Recreating a North Eastern Legend

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CLASS G5 LOCOMOTIVE COMPANY LTD
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Class G5 Locomotive History

Following his appointment as NER Locomotive Superintendent (latterly referred to as the Chief Mechanical Engineer), Wilson Worsdell reversed his brothers small passenger tank design policy and went back to the 0-4-4 wheel arrangement, similar to Fletcher’s G6 of 1874. The Class ‘O’ (in NER locomotive class format) was designed in 1893 as a replacement for the Class A (2-4-2) with smaller driving wheels but with larger coal and water capacity, giving it a greater range.

The first of the class emerged from the NER North Road Works, Darlington, in 1894 and by 1901, when production ceased, the class totalled 110 examples built in 7 distinct batches. They became the standard NER passenger tank locomotive until 1907 when larger classes, such as the A8, were introduced.

During their 60 years plus lifetime the G5’s underwent several modifications but all of them minor. The most important visual change was to move the ‘Westinghouse’ house pump from the inside of the cab to the front or left hand tank. From 1917 the NER fitted ‘cages’ on top of the coal bunker to help increase the capacity with an extension added on top of the cage from 1921 to further increase coal capacity, and the change from Ramsbottom safety valves (with the distinctive brass trumpet) to Ross pop valves.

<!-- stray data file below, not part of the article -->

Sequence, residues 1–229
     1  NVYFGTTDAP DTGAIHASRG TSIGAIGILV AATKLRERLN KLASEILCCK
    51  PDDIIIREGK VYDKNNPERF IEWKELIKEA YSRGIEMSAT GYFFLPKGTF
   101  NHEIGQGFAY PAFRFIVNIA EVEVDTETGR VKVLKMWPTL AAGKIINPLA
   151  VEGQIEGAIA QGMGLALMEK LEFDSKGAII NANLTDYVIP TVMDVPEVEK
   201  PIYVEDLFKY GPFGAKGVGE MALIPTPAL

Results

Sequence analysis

In 1923 the NER became the largest and most profitable constituent of the LNER and the Class ‘O’ became Class G5 in that company’s locomotive class system.

From 1930 the LNER introduced a new boiler design, type 69, with a single plate barrel and 199 tubes. This was further modified in 1937 with an increase in boiler tubes up to 207; the dome was moved back about 20 inches and was classified as 69A.

From 1932 about a quarter of the class received hopper extensions for use with the new mechanical coaling plant being belatedly introduced by the LNER.

One locomotive, 387, has the side tanks modified to provide extra water capacity for use in the Hull area on what were termed “lightweight express trains”. The experiment does not appear to have been a success as no other locomotives were altered.

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